'It will be seen from the wordings of the covenant that in the event of lessors agreeing to lease the property, first priority should be given to the lessee (the appellant herein). In the event of sale, the first option should go to the appellant. To read more than this into the covenant may not be very correct. It is accepted by both the parties that time fixed for the lease period is 15 years and the same has already elapsed. The lessor (the respondent herein) has not agreed to allow the lessee (the appellant herein) to continue in the premises under the terms and conditions of the agreement. Neither there is any fresh lease in favour of the appellant. In these circumstances, it cannot be considered that the appellant is in lawful possession of the building, as required under the rules. The facts and the law enunciated in various decisions referred to and relied upon by the appellant are not relevant to the facts of this case. In these circumstances it cannot be said that the documentary evidence produced by the appellant is beyond ambiguity. What is required is the satisfaction of the licensing authority as to the lawful possession, The Licensing Authority has come to the conclusion that the possession of the property by the appellant is litigious in nature and the very history of the case and also the reading to the documentary evidence produced by the appellant makes it clear that the possession is litigious in nature and cannot be said to be a satisfactory lawful possession. In these circumstances, I do not find any reason to interfere with the orders of the learned District Magistrate and accordingly I uphold the same. In the result, the appeal is dismissed.'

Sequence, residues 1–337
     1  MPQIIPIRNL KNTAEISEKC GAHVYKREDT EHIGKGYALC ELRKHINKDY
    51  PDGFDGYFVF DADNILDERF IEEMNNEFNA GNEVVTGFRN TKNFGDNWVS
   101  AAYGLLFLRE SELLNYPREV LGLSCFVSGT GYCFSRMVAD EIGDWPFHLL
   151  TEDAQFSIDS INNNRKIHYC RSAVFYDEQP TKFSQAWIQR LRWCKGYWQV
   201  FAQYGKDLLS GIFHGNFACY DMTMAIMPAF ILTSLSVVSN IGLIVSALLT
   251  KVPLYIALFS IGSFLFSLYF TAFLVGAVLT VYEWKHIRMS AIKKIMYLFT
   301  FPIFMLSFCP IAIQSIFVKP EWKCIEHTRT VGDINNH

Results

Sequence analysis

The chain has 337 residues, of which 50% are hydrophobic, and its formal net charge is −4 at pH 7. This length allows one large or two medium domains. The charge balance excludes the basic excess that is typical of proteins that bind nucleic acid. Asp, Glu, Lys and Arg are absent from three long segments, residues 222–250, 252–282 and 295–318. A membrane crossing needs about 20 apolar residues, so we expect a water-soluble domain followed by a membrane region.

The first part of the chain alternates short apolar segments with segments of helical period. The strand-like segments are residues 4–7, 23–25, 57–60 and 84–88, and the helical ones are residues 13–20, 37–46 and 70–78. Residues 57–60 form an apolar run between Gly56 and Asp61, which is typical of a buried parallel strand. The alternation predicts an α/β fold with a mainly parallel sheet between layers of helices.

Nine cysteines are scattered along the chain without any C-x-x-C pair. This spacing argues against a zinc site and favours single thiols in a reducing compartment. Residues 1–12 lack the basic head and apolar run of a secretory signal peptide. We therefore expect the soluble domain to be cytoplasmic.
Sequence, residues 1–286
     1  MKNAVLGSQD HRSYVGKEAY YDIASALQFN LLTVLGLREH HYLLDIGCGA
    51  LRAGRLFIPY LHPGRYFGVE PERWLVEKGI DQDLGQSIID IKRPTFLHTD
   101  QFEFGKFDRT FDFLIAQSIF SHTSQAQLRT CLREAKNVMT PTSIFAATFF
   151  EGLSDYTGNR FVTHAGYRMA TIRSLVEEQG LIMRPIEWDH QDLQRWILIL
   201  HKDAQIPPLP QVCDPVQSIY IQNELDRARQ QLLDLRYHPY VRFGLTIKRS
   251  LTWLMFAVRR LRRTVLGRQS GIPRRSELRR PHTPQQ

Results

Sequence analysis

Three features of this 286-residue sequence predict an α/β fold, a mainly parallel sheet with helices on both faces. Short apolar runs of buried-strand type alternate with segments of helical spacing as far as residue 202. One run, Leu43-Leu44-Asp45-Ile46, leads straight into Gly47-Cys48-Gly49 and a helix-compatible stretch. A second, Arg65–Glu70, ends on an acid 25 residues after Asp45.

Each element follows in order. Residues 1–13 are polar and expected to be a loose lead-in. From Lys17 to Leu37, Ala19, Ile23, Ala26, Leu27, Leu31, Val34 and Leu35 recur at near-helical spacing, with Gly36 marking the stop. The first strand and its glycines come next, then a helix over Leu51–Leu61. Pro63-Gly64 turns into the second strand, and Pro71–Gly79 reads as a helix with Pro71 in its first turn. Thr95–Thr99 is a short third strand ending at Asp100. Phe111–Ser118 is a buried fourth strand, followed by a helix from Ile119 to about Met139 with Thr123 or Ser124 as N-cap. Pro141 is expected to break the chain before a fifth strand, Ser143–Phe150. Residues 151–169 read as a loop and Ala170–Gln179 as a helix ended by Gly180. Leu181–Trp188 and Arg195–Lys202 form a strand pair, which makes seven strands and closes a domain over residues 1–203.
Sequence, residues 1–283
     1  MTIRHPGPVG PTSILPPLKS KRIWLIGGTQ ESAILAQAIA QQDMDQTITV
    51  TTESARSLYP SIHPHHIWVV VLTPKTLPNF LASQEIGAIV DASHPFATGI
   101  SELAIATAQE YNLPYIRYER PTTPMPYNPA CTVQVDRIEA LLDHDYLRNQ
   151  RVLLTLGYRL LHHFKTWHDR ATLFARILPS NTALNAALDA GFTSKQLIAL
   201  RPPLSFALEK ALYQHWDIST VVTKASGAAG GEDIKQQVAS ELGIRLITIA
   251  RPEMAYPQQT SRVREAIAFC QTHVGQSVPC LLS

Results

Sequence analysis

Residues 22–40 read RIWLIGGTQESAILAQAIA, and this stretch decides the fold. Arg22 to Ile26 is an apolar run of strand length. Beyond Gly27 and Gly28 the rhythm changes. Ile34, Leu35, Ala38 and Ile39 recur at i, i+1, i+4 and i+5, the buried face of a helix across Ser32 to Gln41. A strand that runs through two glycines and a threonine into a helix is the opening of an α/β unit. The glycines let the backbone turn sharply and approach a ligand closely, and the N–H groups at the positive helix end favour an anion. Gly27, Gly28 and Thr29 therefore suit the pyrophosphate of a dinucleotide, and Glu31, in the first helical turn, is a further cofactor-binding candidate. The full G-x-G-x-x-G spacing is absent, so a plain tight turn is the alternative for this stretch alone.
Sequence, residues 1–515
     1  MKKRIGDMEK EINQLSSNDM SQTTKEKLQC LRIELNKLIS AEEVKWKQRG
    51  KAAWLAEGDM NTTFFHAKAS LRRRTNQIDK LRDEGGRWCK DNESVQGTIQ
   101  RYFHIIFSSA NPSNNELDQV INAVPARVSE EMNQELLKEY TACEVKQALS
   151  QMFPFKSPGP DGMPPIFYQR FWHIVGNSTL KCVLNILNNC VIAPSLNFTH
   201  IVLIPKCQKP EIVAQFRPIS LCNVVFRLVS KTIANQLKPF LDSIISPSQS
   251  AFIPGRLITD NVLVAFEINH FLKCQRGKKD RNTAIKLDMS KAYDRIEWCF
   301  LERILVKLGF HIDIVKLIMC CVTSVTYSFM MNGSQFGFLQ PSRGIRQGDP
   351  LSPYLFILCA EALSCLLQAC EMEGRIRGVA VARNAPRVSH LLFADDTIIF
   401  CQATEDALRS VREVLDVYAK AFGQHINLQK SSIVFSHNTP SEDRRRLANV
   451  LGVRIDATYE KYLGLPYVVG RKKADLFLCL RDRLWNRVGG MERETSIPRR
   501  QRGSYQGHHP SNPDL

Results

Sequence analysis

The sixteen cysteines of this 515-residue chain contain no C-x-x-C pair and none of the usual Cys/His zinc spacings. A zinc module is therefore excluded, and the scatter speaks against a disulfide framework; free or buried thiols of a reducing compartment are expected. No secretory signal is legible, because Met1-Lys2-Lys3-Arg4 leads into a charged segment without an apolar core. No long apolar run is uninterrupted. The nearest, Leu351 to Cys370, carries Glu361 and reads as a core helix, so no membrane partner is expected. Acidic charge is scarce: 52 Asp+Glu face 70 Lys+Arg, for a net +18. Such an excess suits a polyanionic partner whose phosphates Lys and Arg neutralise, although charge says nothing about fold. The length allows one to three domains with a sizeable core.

12. From the above portion of the order, it is clear that the Divisional Commissioner came to the conclusion that all that the relevant clause in the lease deed provided was that in the event of the Lessor (1st respondent) deciding to lease the building, the lessee should get first priority and as lessor has not agreed to lease and as admittedly the lease period has expired, the petitioner's possession is not lawful. It is no doubt true that there is no specific reference to the contents of the letters (Exhibits B and C) in the aforesaid portion of the order, but there is specific reference to the renewal clause. Further the written arguments based on those documents have been fully set out in the earlier part of the order, and the 3rd respondent has come to the conclusion on the basis of these documents that there is no fresh lease or renewal of the lease beyond 12-12-1977. Therefore, I am unable to accept the first contention of the petitioner.
13. As regards the second contention the first submission of the petitioner is based on renewal clause in the lease deed and the, letter dated 13th June 1977 (Exhibit-B) and the reply sent by the 1st respondent dated 18th Aug. 1977 (Exhibit-C). The learned counsel for the Petitioner submitted that by virtue of these documents a clear contract came into existence between the petitioner and the 1st respondent for the renewal of the lease and the petitioner is in a position to enforce the specific performance of the said contract and, therefore, the possession of the petitioner could not have been termed to be not lawful. He pointed out that in the Supreme Court case there was no renewal clause, and therefore this case is clearly distinguishable from the said case.